stared at the pages in my hands, froze for a moment, and then turned and ran to my room, holding tight to that precious bundle. It was a day like any other, but in that one innocent moment, everything changed.

“Shira, come here.” I’d followed my mother’s voice to the study, where she stood holding a yellow folder. “Here, read these. I’ve been reading them for you these past few years.” I’d peeked inside and then made a beeline for my bedroom, locking the door behind me.

I took out the first magazine. What was this exactly? I was confused as I looked at the front cover, with a cute picture of a giraffe and the name: Marfan Magazine. I opened it.

Page one. Staring up at me were pictures of people who looked disturbingly similar to me.

Page two. Marfan syndrome is a genetic disorder that affects one in five thousand people and causes symptoms that include scoliosis, eye issues, heart defects…

Wait. Wait.

It was describing me. It talked about My experiences, about all the parts of My body that the doctors had poked. It was All About Me. And I wasn’t alone. I was confused, then relieved, and finally angry. Why had I lived for so long in fear of the unknown? And why did I have to feel so alone, when there were others out there just like me?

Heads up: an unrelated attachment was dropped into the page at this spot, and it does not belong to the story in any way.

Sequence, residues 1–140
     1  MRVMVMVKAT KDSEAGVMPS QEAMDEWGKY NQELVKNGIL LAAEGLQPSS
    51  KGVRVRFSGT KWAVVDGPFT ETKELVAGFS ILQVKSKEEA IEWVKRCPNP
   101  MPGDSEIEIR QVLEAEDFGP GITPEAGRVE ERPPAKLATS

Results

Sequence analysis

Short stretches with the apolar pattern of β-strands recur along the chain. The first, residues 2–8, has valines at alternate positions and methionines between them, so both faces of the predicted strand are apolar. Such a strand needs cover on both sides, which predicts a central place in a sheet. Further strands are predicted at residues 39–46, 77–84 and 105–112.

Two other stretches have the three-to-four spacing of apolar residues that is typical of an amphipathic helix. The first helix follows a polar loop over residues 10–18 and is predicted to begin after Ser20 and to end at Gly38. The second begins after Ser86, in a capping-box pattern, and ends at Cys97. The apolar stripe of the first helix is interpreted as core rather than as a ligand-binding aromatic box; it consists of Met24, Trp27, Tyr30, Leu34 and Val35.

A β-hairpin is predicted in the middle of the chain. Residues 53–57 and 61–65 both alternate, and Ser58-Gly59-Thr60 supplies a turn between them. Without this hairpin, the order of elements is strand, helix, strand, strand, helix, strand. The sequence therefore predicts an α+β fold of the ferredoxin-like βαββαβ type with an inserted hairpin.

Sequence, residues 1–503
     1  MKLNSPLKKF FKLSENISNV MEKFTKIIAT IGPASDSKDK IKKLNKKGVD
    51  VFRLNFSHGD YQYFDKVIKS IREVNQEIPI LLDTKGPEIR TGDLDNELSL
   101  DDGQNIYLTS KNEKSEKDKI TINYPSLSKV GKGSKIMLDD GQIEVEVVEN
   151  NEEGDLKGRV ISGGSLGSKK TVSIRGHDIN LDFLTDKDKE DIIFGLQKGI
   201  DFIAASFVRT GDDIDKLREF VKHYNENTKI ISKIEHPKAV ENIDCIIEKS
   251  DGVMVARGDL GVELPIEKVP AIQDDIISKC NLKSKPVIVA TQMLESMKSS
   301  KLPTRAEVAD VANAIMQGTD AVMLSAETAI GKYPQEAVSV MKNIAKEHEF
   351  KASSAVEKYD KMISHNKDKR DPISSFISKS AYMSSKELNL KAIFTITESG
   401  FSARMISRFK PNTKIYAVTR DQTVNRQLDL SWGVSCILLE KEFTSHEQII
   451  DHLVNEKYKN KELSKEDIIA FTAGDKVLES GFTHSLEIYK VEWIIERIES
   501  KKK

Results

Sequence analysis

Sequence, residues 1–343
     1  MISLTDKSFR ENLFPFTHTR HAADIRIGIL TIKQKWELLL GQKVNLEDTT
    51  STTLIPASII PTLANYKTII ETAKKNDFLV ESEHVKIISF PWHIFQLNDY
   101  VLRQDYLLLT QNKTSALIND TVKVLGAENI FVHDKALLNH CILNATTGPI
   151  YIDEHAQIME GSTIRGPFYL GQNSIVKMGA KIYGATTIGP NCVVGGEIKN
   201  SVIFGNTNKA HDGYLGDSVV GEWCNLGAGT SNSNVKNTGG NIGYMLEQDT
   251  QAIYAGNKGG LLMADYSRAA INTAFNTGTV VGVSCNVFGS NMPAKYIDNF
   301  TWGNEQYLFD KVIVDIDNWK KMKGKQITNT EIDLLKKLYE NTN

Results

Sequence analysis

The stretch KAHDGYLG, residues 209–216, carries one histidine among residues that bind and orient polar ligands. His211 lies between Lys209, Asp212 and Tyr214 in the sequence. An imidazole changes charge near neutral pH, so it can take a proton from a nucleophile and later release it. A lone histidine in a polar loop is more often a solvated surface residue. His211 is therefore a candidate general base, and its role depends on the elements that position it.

Page three. A picture of a heart. The aorta is the pipe that carries blood from the heart to the rest of the body. Every heartbeat puts huge pressure on this pipe, which is usually very strong. In people with the Marfan’s gene, the weakened connective tissue leads to a weaker pipe, which is then in danger of tearing open.

So this was why they were so concerned about my heart; this was why the doctors warned that I could die.

Page four. In memory. A list of people who had died of an aortic dissection that year. Goodbye illogical fear of dying, hello fear of my heart exploding.

Page five. Oh, this was why I was continuously bumping into things. The internal lens in the eye is held in place by two delicate threads which adjust the lens for near and far vision.

Again that connective tissue thing came up again, again the things that were supposed to be strong were weak, this time leading to a lens that slowly slipped further and further out of place. I was blanketed in sadness. Did this mean I would eventually go blind?

No! I needed to see the world. NO! Why was there no hope in these unrelenting pages?